Feeling of pleasure diminished over the days

No matter how much something pleases that patient, he will not respond positively to the practice of the activity in question. Pleasure is reduced and, therefore, many times the person with schizophrenia ends up abandoning something in half.

Speech reduction

Talks and thoughts can lose their chain logic when spoken by someone schizophrenic. For those who live with the patient, it is very important to understand the phrases, so that they feel welcomed and supported.

Cognitive symptoms

In some patients, these symptoms are quite mild, but in others, they are more severe and noticeable. Some of the cognitive symptoms present in schizophrenia are:

Difficulty making decisions

With very peculiar thoughts, schizophrenics end up not understanding much of what is said and, for that reason, make immature decisions at first.

Difficulty paying attention to something

Schizophrenic patients are more distracted and dispersed than those who are not, actions that end up impairing reading and / or writing. Because they are unable to focus 100% on something, they end up losing money, too, when it comes to understanding something.

Low comprehension skills

Because many patients are unable to keep an eye on something that is being explained, some of them are unable to understand, in fact, what is happening.

Memory problems

With the lack of understanding of things, many people end up forgetting things that were said to them a little while ago. Learning can also be affected by these faults in memory, having to ask for an explanation about something more than once.

Neurological symptoms

Patients who have the disease in its earliest or most severe form may have neurological signs, such as:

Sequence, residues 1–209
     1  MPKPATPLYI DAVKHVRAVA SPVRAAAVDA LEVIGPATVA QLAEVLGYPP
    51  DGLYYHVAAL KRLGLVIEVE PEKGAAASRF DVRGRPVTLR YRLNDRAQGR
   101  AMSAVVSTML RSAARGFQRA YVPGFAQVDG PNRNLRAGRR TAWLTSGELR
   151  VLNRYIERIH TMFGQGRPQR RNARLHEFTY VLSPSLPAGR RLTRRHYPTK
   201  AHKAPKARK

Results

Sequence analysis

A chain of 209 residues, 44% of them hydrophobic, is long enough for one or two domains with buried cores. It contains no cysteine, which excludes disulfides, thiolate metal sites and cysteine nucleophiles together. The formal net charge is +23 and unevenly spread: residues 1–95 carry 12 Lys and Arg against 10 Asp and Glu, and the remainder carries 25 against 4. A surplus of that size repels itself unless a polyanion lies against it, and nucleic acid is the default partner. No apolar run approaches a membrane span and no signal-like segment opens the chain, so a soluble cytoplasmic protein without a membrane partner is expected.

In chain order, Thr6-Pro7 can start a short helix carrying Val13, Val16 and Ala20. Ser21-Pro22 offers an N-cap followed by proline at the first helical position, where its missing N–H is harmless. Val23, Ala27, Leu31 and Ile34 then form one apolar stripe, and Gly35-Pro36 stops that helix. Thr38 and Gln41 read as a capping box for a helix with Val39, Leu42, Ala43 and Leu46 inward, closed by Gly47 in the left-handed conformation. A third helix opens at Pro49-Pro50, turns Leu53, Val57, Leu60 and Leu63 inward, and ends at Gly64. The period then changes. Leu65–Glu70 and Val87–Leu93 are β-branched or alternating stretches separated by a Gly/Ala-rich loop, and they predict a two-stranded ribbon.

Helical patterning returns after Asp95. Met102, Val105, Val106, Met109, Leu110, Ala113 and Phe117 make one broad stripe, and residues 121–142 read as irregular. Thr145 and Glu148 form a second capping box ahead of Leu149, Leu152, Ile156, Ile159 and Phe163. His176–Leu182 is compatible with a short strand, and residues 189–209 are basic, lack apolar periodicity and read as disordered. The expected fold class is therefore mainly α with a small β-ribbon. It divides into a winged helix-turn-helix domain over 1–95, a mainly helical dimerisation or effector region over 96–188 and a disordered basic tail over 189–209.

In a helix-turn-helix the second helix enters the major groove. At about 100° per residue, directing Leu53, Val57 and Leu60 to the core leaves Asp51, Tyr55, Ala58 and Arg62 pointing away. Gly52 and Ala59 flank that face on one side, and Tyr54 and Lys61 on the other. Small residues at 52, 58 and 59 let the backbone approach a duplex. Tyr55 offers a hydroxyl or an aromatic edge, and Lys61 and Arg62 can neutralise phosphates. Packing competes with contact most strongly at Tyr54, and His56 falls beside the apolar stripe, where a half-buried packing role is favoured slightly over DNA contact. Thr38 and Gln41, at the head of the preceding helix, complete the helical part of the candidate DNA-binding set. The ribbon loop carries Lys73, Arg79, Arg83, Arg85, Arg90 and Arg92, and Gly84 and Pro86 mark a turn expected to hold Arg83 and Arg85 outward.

• Facial ticks;
  • Impairment in certain movements (which makes the patient more awkward or awkward);
  • More abrupt and uncoordinated movements;
  • Increased frequency of blinking eyes;
  • Disorientation about right-left.

Many of these symptoms are present in other disorders as well, such as Tics Disorder and Gilles de La Tourette Syndrome, which makes it even more difficult when making a diagnosis.

It is not known for certain why these symptoms happen, not least because most of the patients do not have them. However, for those who present the symptoms, they end up going unnoticed by people who do not have great intimacy.

Behavioral symptoms

Because of the symptoms mentioned above, some patient behaviors can be affected as well. Once again: they can present themselves in different ways, it will depend a lot on each case.

The behaviors that can be recurrent when there is a schizophrenia are:


A suicide attempt can happen both in the acute phase of schizophrenia and in the chronic phase, and in order for this not to happen, friends and family need to be aware if the patient is constantly complaining about voices or if he is mutilating himself.

Suicide attempts are not uncommon when related to schizophrenia and already add up to 50% among patients with the disease. Of these, about 15% result in a tragic end to death.